Some 160 large State-Owned Enterprises (SOEs), provided the key inputs from utilities, heavy industries and energy resources that facilitated the private sector. The aggressive outward investment strategy, driven by SOEs and state banks with massive pools of cash allowed China to spread across the world looking to expand markets, employ services and buy up resources. Whilst the role of SOE has reduced today, up until the mid-2000s they played a key role in driving China’s economy.

To make Chinese goods more attractive than Japanese and German goods, the Chinese government controlled the value of the exchange rate of its currency with the world, rather than let it float freely. China kept the value of her currency artificially low, which made it cheaper to purchase consumer goods – far cheaper for the world than anyone else. By China undercutting the world, aside from keeping Chinese factories open, this also meant most Chinese citizens had a job. When Chinese citizens have jobs this deals with domestic social unrest which has long plagued the country. Chinese factories made little profits on the goods they exported, due to the low exchange rate the potential profit is lost. According to the Chinese Ministry of Finance, Chinese profits on their exports are about 1.7%. 

‘Black or White Cat?’

Deng Xiaoping famously stated: “I don’t care if the cat is black or white, so long as it catches mice.” This meant for Deng if a system or policy works, it should be used. His reforms for China were gradual, and the CCP did not follow any ideology for economic development from 1978. Reform in China was driven by pragmatism and undertaken slowly to manage change. China focused on export-oriented growth and slowly opened certain sectors of its economy to foreign companies. All the major reforms were the result of a process of trial and error on a limited scale. Successful experiments were then scaled up and rolled out across the country. Thus, the establishment and success of four Special Economic Zones (SEZ) in the 1980s, led to them being rolled out across the country.

China today has an economy with many elements of capitalism, but the CCP adopts what works for the country, rather than looking to be an ideological country. China’s political system has only one political party – the CCP. China uses nationalism and history to unite the country and in her foreign policy she doesn’t advocate any values, she just wants economic deals, investment and markets.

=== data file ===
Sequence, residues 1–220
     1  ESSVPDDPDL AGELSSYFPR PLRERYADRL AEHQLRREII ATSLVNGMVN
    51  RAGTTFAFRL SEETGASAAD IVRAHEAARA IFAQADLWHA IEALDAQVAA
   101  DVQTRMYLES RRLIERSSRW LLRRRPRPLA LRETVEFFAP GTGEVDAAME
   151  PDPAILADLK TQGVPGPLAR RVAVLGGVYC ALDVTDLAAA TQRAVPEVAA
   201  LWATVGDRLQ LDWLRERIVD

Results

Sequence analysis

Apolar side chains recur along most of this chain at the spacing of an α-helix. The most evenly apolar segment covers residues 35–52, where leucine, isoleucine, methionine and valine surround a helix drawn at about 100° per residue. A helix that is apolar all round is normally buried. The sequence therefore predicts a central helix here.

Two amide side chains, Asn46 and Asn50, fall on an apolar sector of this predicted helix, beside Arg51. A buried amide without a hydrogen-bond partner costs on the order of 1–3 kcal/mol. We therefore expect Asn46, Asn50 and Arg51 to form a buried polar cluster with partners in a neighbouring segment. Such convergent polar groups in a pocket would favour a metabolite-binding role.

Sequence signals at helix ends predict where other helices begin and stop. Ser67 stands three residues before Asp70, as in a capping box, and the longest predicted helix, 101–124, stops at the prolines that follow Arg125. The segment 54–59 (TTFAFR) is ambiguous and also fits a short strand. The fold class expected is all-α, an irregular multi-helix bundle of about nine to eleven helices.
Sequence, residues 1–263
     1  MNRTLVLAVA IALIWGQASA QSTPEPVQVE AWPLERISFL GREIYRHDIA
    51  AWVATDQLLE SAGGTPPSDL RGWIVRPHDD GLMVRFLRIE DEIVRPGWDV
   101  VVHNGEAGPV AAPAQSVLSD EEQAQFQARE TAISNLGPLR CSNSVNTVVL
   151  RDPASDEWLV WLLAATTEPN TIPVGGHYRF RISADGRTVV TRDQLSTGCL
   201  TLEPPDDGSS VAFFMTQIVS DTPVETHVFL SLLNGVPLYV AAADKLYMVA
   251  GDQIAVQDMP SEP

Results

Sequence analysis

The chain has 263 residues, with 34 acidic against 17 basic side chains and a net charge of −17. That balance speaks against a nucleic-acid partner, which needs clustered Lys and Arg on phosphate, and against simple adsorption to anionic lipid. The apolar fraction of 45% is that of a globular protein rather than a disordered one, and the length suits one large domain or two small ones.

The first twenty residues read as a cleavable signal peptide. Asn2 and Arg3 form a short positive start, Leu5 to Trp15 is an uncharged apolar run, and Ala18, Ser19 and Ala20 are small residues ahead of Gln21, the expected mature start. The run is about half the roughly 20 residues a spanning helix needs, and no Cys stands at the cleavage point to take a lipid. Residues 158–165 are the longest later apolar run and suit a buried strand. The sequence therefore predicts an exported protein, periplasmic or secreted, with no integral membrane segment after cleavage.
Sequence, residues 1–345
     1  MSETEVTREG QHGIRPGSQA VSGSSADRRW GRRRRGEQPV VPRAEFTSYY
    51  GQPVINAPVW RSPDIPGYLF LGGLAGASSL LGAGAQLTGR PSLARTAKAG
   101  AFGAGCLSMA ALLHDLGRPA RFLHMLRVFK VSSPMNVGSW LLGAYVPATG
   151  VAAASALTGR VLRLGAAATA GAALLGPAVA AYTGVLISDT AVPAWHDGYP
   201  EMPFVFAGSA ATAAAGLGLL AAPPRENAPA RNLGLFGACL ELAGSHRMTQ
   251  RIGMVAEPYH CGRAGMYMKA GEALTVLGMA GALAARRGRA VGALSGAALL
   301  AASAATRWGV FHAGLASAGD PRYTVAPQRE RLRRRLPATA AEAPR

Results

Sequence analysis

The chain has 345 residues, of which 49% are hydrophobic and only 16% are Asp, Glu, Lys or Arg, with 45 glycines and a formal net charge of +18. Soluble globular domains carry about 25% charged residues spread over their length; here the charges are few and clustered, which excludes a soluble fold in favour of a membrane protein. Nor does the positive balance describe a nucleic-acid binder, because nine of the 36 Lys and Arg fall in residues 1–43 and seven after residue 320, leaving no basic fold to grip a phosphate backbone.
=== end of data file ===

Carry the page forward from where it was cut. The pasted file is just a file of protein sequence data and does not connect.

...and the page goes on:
…reforms for China were gradual, and the CCP did not follow any ideology for economic development from 1978. Reform in China was driven by pragmatism and undertaken slowly to manage change….China today has an economy with many elements of capitalism, but the CCP adopts what works for the country, rather than looking to be an ideological country

After nearly two centuries, China has developed an economy which allows her to fulfil the basic needs of her large population as she now has an economy which can achieve this, something that has been sorely lacking for the last 150 years. China’s rapid economic rise has now created a new challenge, one that shifted China out of what had been a near self-reliant capability and into one that left China vulnerable to international involvement. China’s economic development has now made her dependent on foreign trade routes, resources and foreign markets.

China’s GDP

China’s economic success has been built upon importing raw materials, commodities and energy from the world. She has an economy that is based on adding value to this by converting them into exportable goods to the rest of the world. China is dependent on the global economy, global markets, sea routes and infrastructure. China must secure her vulnerable supply lines through expanding her military presence and extend her international presence. This naturally brings her into conflict with the global superpower.